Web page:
Finally, the researchers were unsure whether they could actually measure signals associated with craving, especially considering that in the substania nigra part of the reward circuit, about 70% of the neurons are dopamingergic! To address this challenge, the researchers had participants view images of their favorite social activities, favorite foods, and a pleasant baseline condition (flowers) to tease apart the brain responses to these differing stimuli. Undergraduate researchers spent hours scouring thorough databases of open source images from pexels to custom tailor pictures of favorite foods and activities for each individual participant.
After spending a full day either fasting or socially isolated, participants came to the lab and had their brains scanned in the evening (at 7pm) on three separate occasions. Researchers measured brain activity specifically in the substantia nigra, the midbrain dopaminergic region that is specifically associated with subjective experiences of craving food when hungry or craving drugs when addicted.
What did the researchers find?*
Social Isolation on the Brain
After only ten hours of social isolation– and even despite people knowing exactly when their deprivation would end– people reported substantially more social craving, loneliness, discomfort, dislike of isolation, and decreased happiness than they did at baseline. Similarly (and unexpectedly), the same findings were seen after ten hours of food fasting.
Critically, the researchers found similar midbrain activity in response to food cues after fasting and social cues after isolation. The response was variable across participants, and those who reported more social craving after the social isolation period showed a larger brain response to the social stimuli.
Interestingly, the variability across participants was also partially explained by the variability in pre-existing chronic levels of loneliness. Participants with higher levels of chronic loneliness at baseline reported less craving for social contact after 10 hours of isolation in response to the social stimuli, and showed a muted response in their midbrain in response to the social cues after social isolation (they also showed reduced midbrain responses to food cues after fasting). This finding is consistent with prior research showing that chronic loneliness is associated with reduced motivation to engage socially with others.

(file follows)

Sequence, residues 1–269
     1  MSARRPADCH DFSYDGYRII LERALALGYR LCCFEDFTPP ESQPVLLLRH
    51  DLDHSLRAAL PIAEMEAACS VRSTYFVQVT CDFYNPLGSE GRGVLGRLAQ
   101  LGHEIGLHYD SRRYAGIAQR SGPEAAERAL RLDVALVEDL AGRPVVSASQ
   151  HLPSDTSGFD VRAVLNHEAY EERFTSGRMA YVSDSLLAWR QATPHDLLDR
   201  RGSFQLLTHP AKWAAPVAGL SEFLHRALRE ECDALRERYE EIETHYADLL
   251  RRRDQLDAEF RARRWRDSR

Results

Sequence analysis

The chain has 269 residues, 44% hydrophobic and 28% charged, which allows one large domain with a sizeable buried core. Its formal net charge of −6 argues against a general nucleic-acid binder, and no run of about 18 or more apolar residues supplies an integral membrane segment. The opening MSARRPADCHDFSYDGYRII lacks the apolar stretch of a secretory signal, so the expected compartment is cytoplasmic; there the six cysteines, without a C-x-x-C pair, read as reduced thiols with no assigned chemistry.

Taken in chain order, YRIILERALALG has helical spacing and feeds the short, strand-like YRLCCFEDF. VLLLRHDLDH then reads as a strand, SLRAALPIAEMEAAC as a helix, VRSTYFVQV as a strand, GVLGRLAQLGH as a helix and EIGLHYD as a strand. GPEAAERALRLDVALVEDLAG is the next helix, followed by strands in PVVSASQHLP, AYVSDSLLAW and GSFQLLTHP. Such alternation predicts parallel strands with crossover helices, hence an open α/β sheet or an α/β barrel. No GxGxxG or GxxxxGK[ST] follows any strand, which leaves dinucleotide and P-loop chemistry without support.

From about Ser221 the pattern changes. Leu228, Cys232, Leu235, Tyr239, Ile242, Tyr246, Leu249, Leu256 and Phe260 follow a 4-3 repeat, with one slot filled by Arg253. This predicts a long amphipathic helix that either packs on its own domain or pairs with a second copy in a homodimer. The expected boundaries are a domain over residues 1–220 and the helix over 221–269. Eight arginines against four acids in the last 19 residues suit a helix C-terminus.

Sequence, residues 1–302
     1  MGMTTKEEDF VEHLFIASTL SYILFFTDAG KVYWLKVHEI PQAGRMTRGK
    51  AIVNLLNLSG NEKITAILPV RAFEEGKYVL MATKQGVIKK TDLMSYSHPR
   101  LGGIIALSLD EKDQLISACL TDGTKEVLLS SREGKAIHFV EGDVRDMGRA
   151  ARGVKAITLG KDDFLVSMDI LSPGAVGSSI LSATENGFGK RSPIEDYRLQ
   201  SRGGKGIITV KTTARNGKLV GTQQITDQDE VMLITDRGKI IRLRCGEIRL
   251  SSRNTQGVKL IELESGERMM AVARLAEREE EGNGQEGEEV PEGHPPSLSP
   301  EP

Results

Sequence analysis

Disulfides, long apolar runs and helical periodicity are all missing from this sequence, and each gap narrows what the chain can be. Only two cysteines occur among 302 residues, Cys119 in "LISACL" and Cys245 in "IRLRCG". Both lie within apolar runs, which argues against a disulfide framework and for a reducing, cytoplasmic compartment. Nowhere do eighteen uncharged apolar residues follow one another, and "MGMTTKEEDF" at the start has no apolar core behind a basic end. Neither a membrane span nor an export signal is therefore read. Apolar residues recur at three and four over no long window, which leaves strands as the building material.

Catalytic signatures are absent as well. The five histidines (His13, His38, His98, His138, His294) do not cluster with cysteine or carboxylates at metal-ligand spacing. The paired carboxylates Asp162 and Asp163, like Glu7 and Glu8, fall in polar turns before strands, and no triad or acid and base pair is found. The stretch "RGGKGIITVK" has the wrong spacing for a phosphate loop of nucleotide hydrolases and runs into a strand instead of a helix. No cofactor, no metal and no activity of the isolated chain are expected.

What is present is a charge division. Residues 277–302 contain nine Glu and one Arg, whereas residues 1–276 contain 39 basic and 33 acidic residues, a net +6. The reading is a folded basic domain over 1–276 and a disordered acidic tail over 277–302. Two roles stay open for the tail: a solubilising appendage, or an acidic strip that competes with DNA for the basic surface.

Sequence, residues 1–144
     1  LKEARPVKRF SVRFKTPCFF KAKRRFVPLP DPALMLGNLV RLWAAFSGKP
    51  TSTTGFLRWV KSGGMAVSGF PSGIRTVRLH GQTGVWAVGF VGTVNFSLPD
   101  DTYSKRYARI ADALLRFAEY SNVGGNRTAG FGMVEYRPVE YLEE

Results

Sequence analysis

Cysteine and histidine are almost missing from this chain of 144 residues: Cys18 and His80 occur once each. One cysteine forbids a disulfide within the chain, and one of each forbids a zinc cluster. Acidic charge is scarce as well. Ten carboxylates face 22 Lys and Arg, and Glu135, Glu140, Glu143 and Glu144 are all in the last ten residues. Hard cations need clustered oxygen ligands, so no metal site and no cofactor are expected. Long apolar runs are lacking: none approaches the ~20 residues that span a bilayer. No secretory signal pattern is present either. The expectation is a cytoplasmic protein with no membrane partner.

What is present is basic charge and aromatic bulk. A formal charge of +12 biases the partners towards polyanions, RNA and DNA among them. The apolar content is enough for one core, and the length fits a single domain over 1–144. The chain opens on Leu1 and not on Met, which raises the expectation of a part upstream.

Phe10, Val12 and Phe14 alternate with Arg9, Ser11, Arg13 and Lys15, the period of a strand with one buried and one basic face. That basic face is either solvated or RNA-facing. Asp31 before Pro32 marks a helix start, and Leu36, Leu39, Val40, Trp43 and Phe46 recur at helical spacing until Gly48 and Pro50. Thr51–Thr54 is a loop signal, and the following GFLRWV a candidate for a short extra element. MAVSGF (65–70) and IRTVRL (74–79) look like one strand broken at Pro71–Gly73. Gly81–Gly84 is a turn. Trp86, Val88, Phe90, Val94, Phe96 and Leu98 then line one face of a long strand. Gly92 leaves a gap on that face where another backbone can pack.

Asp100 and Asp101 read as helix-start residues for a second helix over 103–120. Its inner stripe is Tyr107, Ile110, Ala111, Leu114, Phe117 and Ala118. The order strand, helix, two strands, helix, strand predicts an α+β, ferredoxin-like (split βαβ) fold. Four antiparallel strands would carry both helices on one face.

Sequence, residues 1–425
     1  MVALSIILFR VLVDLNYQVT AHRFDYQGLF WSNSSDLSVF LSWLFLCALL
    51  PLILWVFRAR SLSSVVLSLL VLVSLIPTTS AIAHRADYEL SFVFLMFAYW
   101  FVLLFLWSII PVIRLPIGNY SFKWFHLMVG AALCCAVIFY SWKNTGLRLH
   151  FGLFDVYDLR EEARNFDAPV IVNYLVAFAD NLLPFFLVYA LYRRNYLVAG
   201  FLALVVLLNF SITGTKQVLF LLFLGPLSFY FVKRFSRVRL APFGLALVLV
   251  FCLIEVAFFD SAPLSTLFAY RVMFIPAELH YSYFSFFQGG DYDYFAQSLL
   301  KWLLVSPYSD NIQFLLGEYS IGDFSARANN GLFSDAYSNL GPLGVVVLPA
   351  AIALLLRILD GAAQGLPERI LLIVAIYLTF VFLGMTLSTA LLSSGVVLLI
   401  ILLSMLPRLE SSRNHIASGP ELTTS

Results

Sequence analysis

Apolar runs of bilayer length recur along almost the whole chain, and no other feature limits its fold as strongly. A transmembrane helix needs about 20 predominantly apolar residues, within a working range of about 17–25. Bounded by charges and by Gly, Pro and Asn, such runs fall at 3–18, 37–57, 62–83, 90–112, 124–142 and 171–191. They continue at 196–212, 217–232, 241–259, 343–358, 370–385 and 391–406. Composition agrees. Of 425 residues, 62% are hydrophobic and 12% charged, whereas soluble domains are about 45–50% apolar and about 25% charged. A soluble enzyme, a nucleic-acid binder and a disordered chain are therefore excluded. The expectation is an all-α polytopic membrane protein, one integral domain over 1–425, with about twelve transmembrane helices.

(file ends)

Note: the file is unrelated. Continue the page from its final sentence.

These results are exciting because they are consistent with the results from earlier research on mice and the “social homeostasis” hypothesis developed based on animal models. According to this hypothesis, since social connection is an innate need, animals evolved neural system to regulate “social homeostasis”.
The current findings suggest that there is a similar mechanism underlying social craving in humans, and that people who are forced to be isolated crave social interactions in a similar way as a hungry person craves food. As the researchers note, these findings are also encouraging for translating mouse models of mental health disorders that affect social motivation, such as autism spectrum disorder, social anxiety disorder, or depression. As Rebecca Saxe wrote on twitter,
“It could be useful to know how similar mice are to men (and women, of course). Because many labs study social motivation in mice, with an eye towards eventually improving human mental health.”